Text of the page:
Service Tuesday for surgeon Ted Sadler
A memorial service for retired Brig. Gen. Theodore Roosevelt Sadler Jr., M.D., will take place at 7 p.m. Tuesday at First Presbyterian Church.
Ted Sadler, as he was best known, helped establish the cardiac-care program at St. Mary’s Hospital. In addition to being an accomplished cardiac surgeon, he held every rank in the U.S. Army up to brigadier general.
Sadler commanded the Third Surgical Hospital in Vietnam in 1966 and 1967 and was chief of thoracic surgery at Fitzsimons Army Medical Center in Aurora from 1968 to 1971.
Sadler died May 1. He was 80.
Although he had no contact later with soldiers who were treated at his hospital, he learned later that his name came up by happenstance at a local hospitality ministry in Denver when a staff member was speaking with a visitor who was wounded in Vietnam.
The visitor remembered Sadler’s name, saying, “I wouldn’t be here if it weren’t for him,” Sadler’s daughter Shelley said.
“He loved that story,” Shelley said. “He had a positive influence. He saved that individual’s life.”
At St. Mary’s, a fellow physician was preparing with Sadler to operate in an emergency and inquired what exactly Sadler planned to do, said his wife of 57 years, Roberta.
“I don’t know yet what we’re going to do, but we’re going to do it very well,” Sadler responded.
Dr. George Shanks, then chief of staff at St. Mary’s, recruited Sadler to St. Mary’s because of his expertise.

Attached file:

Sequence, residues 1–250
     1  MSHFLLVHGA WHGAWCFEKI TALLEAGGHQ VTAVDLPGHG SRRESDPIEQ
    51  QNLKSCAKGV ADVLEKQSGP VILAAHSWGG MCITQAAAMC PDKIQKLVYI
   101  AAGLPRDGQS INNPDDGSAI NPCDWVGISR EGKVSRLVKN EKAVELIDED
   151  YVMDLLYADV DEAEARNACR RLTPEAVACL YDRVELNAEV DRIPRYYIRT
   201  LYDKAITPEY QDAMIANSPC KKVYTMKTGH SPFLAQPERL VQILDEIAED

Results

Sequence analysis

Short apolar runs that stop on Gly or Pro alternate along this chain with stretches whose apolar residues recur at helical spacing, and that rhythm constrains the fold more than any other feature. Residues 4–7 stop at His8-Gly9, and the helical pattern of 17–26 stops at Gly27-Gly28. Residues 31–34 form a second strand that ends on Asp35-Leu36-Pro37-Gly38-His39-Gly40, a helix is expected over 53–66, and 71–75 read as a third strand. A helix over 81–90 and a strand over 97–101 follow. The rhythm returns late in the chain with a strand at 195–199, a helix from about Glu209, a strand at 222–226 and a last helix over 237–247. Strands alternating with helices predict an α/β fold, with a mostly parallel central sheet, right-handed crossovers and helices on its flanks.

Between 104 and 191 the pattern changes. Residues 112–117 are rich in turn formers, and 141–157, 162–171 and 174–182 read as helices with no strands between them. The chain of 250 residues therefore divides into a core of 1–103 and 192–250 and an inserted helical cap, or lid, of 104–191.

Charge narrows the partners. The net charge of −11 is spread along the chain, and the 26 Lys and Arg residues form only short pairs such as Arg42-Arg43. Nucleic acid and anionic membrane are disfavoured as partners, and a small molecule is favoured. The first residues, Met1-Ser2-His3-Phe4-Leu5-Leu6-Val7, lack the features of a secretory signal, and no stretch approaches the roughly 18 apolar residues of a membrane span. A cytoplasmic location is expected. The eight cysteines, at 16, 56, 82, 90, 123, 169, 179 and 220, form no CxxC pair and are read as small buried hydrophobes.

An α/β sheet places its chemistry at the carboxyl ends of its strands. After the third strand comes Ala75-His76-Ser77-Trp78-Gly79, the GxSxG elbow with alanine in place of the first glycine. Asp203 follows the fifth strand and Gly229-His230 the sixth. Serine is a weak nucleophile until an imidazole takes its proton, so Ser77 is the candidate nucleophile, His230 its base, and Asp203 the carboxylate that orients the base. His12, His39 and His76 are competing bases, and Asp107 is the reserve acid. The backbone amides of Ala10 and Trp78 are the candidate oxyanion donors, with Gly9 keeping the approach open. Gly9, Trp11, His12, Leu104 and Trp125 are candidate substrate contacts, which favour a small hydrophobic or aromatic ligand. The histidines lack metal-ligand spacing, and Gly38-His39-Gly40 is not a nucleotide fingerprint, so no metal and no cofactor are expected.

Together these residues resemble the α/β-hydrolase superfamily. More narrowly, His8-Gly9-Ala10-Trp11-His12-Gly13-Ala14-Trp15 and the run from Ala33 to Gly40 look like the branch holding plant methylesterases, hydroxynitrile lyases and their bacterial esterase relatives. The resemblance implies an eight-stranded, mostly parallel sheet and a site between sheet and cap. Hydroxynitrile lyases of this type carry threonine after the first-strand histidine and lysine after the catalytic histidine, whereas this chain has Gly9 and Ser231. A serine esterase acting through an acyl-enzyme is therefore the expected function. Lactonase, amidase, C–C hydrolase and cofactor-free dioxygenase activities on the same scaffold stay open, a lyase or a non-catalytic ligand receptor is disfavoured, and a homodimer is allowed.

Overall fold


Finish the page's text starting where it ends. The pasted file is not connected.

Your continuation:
“The idea was that this was to be as good as any program in the country,” Shanks said.
For her father, surgery “was what he was cut out for,” Shelley said, smiling. “Pun not intended.”
“It was his heart,” said another daughter, Susan Smith.
Sadler’s sunny disposition revealed itself in his upbeat approach, with him often singing and humming.
In medical school, he was part of a barbershop quartet dubbed “The Cadavers.” He frequently hummed during surgery, where he often let other surgeons operate under his close supervision.
“Even in hospice he was humming,” Susan said.
Sadler was recognized by his fellow physicians in 2006 with the Saccomanno Award as the Mesa County Medical Society’s physician of the year.
“Above all, he was a man of faith and family,” Shelley said.
Along with Roberta, Sadler is survived by five children, Mike, Pat, Susan, Dan and Shelley, and eight grandchildren.
A reception for Sadler will be hosted from 3 to 5 p.m. Wednesday at Greenwood Community Church in Greenwood.
Memorial contributions may be made to First Presbyterian Church, 3940 29 1/2 Road, Grand Junction, CO, 81506.